Research – and experience – shows that our network of friends tends to shrink as we get older. As we age, it becomes harder and harder to find time to catch up with friends, whether they’re down the street or across the country. Similarly, it becomes much harder to make friends after 50. We no longer can rely on our children’s play groups and sporting events to bring us together with people with whom we have interests in common.
But finding and nurturing friendship over the age of 50 is more important than ever. According to the American Psychological Association, a number of health risks are tied to our social interactions. Feeling lonely and socially isolated have been found to increase the risks of death.
Making friends in older adulthood can prove to be challenging, but there are some psychologist-backed tips for cutting through the small talk to make real, lasting friends.
Open your eyes
It’s very possible you encounter people in your daily activities who are great friend-material. Just like you would for a spouse, identify the qualities you’re looking for in a friend and identify what kind of friend you are. Then, open your eyes and be on the lookout. Your new walking buddy could be sitting next to you.
Make stopping at the coffee shop down the corner part of your routine
Instead of having your morning coffee in your living room, try something new. Take the newspaper or your favorite magazine over to your local coffee shop and spend time around others reading. Odds are if you do this routinely, you’ll find others who are doing the same. Soon, you can morph those casual morning greetings into real conversations. Consistency and familiarity are important to building friendships. Small daily changes can make a big difference in your social life.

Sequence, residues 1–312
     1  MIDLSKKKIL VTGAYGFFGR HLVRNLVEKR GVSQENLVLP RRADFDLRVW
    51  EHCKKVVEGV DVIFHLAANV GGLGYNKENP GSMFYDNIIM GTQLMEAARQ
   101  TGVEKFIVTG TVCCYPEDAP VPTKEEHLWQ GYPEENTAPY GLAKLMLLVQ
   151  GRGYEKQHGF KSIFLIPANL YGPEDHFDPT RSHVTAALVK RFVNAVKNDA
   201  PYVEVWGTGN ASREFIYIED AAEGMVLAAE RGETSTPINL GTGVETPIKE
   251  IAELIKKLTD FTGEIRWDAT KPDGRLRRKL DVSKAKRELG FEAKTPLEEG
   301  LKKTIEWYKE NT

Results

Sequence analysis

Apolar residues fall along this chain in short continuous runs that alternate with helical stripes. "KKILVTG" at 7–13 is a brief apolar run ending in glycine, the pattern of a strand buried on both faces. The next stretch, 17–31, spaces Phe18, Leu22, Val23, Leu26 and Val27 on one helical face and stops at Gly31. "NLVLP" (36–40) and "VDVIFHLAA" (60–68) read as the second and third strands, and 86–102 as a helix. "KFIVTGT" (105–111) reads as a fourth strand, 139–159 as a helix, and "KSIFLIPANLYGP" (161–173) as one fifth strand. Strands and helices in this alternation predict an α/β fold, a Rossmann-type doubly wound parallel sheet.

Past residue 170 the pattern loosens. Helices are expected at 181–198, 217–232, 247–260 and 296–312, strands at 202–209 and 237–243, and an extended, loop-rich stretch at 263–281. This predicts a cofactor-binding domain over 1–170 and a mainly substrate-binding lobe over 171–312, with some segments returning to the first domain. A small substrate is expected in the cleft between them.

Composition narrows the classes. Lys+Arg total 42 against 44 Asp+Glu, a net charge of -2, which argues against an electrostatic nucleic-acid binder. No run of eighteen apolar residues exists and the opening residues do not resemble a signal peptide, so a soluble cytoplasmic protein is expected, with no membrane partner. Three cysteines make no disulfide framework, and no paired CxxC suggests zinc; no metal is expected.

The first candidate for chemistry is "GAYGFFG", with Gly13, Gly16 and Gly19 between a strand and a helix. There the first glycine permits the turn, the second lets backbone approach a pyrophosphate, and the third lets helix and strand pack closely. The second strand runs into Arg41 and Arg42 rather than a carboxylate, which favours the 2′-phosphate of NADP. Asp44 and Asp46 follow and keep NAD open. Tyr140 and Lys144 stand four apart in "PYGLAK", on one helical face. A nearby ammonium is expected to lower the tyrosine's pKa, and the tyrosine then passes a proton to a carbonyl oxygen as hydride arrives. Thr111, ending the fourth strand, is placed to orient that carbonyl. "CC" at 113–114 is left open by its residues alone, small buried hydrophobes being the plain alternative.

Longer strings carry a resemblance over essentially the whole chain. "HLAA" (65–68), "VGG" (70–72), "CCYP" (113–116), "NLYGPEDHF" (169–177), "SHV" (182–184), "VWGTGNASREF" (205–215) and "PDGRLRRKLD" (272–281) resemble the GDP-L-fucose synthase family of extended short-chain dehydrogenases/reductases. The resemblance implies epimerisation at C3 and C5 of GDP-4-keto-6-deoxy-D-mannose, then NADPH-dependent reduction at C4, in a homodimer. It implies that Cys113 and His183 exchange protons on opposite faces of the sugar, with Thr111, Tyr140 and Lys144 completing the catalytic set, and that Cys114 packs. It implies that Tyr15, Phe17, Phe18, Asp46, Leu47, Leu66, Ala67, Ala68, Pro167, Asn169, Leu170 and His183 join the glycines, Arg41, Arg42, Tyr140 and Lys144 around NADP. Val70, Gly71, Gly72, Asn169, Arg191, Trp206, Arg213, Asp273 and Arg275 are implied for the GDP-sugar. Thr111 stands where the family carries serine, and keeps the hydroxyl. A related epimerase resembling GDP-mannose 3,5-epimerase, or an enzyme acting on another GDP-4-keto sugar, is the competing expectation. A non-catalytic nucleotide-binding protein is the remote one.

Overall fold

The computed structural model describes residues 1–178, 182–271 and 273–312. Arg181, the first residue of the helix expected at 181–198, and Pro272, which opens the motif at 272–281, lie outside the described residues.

Take a trip
Have you always wanted to see the French Rivera? What’s stopping you? There are dozens of travel companies that specialize in group trips for those 50 and over. There’s no better way to bond than experiencing the beauties of the world together.
Cut out the small talk
Next time you run into that interesting person who lives down the hall, don’t talk about the weather or how busy your day has been. Share something of importance with her. People are more likely to open up to you if you open up to them. Similarly, sharing something personal has been shown to forge bonds of friendship more quickly.
Take the leap
After you’ve cut out the small talk and started to form a bond, ask your potential friend for lunch or out to a drink. She or he may be wanting to do the same thing but doesn’t feel comfortable enough to do so. Take a leap and make the invitation. The worst that happens is she says no.
Making friends is good for your heart and soul. It’s never too late to start a great friendship.